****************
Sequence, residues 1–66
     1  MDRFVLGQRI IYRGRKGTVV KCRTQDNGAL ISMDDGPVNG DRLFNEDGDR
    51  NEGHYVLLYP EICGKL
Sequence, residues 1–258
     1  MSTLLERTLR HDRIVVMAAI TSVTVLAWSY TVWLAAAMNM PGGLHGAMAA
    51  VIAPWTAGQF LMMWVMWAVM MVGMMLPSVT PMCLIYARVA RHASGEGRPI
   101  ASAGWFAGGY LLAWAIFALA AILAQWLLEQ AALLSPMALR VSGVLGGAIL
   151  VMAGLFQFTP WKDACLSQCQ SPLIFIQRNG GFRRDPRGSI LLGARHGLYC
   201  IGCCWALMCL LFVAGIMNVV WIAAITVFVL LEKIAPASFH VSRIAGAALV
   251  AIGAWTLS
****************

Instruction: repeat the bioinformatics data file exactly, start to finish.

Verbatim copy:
Sequence, residues 1–66
     1  MDRFVLGQRI IYRGRKGTVV KCRTQDNGAL ISMDDGPVNG DRLFNEDGDR
    51  NEGHYVLLYP EICGKL
Sequence, residues 1–258
     1  MSTLLERTLR HDRIVVMAAI TSVTVLAWSY TVWLAAAMNM PGGLHGAMAA
    51  VIAPWTAGQF LMMWVMWAVM MVGMMLPSVT PMCLIYARVA RHASGEGRPI
   101  ASAGWFAGGY LLAWAIFALA AILAQWLLEQ AALLSPMALR VSGVLGGAIL
   151  VMAGLFQFTP WKDACLSQCQ SPLIFIQRNG GFRRDPRGSI LLGARHGLYC
   201  IGCCWALMCL LFVAGIMNVV WIAAITVFVL LEKIAPASFH VSRIAGAALV
   251  AIGAWTLS